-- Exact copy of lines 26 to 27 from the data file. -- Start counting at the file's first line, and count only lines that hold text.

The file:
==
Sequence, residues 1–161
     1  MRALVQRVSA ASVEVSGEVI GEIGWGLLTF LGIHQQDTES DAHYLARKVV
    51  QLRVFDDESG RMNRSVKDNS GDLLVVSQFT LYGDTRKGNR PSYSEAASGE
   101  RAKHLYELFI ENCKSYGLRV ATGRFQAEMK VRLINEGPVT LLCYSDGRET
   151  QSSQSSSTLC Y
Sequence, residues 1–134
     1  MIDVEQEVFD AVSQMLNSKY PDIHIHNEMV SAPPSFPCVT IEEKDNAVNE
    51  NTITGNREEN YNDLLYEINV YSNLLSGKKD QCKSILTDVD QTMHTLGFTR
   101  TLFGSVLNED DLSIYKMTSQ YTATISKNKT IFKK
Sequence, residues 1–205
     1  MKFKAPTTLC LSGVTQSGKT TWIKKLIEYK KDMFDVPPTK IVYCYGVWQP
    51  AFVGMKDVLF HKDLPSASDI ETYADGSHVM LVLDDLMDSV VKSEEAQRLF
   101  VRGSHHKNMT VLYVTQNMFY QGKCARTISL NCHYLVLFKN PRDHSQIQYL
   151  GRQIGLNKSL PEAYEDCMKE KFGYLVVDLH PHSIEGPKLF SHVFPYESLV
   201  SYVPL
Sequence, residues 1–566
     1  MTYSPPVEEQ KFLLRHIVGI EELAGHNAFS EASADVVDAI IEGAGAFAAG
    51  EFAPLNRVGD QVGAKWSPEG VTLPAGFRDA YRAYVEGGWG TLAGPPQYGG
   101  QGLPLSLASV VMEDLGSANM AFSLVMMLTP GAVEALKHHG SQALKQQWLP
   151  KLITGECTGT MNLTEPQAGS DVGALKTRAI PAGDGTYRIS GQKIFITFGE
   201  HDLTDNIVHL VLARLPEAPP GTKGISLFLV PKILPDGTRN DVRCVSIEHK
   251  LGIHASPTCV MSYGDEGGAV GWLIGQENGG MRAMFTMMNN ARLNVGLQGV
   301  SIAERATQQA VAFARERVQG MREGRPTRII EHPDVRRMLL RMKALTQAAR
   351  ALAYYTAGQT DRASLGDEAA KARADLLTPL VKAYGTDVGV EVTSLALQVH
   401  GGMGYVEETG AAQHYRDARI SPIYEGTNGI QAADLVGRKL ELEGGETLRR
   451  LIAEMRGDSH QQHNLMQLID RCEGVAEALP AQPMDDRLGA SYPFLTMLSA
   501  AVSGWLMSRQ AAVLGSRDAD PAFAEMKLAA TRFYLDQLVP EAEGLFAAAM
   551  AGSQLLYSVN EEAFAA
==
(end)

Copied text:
   451  LIAEMRGDSH QQHNLMQLID RCEGVAEALP AQPMDDRLGA SYPFLTMLSA
   501  AVSGWLMSRQ AAVLGSRDAD PAFAEMKLAA TRFYLDQLVP EAEGLFAAAM